Saturday, February 8, 2014

RESULTS FROM "HOOK A RUG WEEK" AND STUDIO UPDATE

Hook a Rug Week has come to an end and I have to thank Laura Kenney for coming up with the idea. It was much like being at an intensive rug camp.  I am hoping she does this again next year.  She allowed each person to choose the size piece they wanted to work on, which allowed for each person to challenge his or her self.  This is the piece I created:


"At the Coast"  30 X 30,  Lori LaBerge 2014

Here is how the work developed:

Saturday and Sunday-The design was planned. The figure was measured out and the background was roughly drawn on linen, the work was color planned and wool was dyed.

Monday-- The challenge started.  The figure was hooked with an orange and green spot dye.  A section of the background was hooked.  This was when it hit me that I only had a week to finish a 30 X 30.  I needed to figure out how much I had done this first day to know how much had to be completed each of the other days.  I usually use a 6-cut for this size, but am glad I decided on an 8-cut for this challenge.

Tuesday--I worked on the opposite side of the figure.  This gets tricky if you want things to line up as the hooked figure starts to distort the straight line of the backing material.  I did not want each of the striped background sections perfectly straight, but did not want them off balance either.  When drawing out the design, it helps to draw a line on the back of the design also.  As the hooking is flatter on the back, it is then easier to find the straight line across the figure.  

Wednesday-- With a 30 X30 piece I figured I had to complete at least 5" X 30" each day to be finished by Saturday afternoon.  This is a lot of hooking.  I took 10 minute breaks for each hour of hooking to stretch, go for a quick walk, or do arm exercises with a resistance band.  This helped out as I had no problems with backaches or my hooking hand bothering me.

 Thursday--If you look at Wednesday's photo then this one you can see a huge difference in the darker blue color.  The actual blue is somewhere in between.  I brought in a line of green below the black that was the same wool used in the circle.  This was the middle of the week and I felt pretty good about being able to finish at this point.  There is something about looking forward to seeing the end result that keeps me going during these kind of projects.

Friday--I worked on the bottom beach section with a soft beige textured wool.  The hooking went faster with this wool due to its thickness.  I brought the brighter blues down for balance.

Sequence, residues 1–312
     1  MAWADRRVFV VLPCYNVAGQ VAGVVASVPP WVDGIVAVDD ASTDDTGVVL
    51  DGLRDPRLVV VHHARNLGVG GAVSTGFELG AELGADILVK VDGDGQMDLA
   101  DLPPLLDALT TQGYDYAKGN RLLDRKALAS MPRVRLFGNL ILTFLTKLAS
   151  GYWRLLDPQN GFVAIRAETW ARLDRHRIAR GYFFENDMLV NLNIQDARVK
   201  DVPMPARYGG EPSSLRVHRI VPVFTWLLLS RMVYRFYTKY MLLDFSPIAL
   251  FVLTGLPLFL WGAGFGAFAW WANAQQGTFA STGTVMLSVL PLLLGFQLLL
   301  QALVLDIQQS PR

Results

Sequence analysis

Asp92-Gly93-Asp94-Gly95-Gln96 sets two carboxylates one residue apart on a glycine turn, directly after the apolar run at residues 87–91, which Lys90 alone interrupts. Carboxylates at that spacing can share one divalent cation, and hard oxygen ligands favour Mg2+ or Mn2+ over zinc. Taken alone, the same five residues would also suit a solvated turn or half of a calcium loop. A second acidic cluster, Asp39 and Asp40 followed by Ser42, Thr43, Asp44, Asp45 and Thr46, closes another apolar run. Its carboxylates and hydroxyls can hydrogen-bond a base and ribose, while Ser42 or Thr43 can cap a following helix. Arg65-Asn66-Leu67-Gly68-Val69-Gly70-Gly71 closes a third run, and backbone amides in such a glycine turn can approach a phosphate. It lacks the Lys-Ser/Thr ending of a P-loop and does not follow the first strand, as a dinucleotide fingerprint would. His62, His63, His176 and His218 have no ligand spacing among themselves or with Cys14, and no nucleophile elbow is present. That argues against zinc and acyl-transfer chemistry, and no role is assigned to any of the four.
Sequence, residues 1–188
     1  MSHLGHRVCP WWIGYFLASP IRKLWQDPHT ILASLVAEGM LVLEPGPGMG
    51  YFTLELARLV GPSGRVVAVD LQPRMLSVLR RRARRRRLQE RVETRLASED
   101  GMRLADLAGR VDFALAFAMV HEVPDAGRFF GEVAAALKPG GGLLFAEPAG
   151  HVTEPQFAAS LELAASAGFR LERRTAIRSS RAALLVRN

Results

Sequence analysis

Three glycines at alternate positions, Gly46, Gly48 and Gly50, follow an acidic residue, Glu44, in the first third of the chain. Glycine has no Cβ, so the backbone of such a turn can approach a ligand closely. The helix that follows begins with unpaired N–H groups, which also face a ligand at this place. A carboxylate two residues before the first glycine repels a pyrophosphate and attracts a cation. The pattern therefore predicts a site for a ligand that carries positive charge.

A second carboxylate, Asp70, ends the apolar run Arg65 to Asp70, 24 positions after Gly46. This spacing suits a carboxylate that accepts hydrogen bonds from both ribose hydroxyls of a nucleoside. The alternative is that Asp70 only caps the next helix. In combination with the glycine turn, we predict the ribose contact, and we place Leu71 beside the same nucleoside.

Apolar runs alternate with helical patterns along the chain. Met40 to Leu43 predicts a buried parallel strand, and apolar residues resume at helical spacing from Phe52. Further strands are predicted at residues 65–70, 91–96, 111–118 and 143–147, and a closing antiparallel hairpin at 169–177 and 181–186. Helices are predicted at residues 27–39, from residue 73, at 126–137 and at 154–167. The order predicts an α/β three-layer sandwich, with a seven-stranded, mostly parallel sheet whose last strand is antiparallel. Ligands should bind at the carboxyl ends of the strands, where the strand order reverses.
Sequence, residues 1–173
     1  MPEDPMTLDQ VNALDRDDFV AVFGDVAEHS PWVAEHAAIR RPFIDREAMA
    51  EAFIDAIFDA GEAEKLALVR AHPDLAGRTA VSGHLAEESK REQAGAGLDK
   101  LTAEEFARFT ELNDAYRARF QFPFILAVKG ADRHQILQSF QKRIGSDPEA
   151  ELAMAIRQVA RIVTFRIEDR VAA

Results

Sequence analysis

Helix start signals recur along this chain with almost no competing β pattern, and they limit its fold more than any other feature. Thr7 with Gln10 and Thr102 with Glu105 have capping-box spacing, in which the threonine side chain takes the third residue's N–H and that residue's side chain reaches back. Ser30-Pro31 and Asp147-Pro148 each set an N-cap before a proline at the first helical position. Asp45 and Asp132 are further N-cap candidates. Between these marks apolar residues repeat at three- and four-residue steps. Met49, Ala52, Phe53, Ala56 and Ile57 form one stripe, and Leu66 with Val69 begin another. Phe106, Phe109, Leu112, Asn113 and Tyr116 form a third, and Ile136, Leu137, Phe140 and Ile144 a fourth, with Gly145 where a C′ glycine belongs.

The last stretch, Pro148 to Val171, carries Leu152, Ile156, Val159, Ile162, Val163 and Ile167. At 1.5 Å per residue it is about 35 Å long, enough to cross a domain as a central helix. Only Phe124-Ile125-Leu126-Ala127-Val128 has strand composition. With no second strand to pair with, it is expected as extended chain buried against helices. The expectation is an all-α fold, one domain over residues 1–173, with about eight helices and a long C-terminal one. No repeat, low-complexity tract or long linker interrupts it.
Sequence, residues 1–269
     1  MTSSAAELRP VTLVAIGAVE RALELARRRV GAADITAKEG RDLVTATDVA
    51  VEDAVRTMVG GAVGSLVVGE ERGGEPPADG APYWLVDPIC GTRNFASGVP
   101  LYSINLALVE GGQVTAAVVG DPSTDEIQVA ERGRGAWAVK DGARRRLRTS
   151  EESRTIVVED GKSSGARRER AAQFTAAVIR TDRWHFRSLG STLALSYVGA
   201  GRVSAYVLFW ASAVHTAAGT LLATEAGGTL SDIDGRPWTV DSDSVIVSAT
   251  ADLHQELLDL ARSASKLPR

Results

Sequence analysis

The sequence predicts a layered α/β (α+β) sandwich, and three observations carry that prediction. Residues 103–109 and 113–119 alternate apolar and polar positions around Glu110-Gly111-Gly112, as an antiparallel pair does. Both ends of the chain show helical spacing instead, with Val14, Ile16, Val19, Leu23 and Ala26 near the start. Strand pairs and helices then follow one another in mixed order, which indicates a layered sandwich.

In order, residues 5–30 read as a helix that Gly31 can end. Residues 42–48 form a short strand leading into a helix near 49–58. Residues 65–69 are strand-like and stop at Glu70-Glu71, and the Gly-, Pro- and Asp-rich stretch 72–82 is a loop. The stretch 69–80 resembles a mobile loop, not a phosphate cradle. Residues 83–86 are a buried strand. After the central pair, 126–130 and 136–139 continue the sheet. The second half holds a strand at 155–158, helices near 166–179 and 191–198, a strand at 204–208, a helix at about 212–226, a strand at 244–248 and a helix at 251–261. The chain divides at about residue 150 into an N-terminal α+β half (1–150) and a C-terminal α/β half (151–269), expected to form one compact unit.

Saturday--I ran out of dark blue wool and had to do some dyeing.  A brighter blue was placed near the top.  The piece was completed at 3:00 p.m.  I still need to cut off some loose threads, steam and maybe tweak here and there.

Think about the things you can do when you challenge yourself, learn from each challenge, celebrate when finished and have a great day.

STUDIO UPDATE--

I purchased some closet storage units to use as a base and two 24" doors to use as a table top.  After searching the local antique and salvage shops I just could not find anything I liked.  This will give me a 6 1/2 foot by  4 foot  table top to work on and plenty of storage underneath.  The shoe cubby is perfect for holding skeins of yarn and smaller items while the cabinet will hold finishing materials.

This is the other side of the table.  I already had one maple storage unit and purchased the 6-cubby unit.  If you've been reading regularly, you will notice the fabric I had on the right hand shelving is gone.  The plumbers had a kerosene heater that smelled terrible and I did not want the fabric to pick up the smell, so I packed it up and brought it in the house.

Here's Pete painting the larger garage area.  Part of this area will be used for larger projects (I've really been wanting to do a large punched rug and build a light table) and further display space during open studio tours.

A utility sink was placed in the garage area.

The workshop area was painted.  It is a mirror image of the studio area.

 An attic door and the moulding around it were installed.  This needed to be done in order for the insulation to be blown in.

Here is where we ran into another problem.  We had not planned on installing the overhead doors as, quite frankly,  the doors we like are over budget right now.  The final inspection can not occur until they are installed, which means heat and water may not be activated.  I suggested plywood for now and the inspector said that would be fine.  So, hopefully, heat and water will be running this coming week.  Oh, wait, we are supposed to have a huge snowstorm this week.  Life goes on! 

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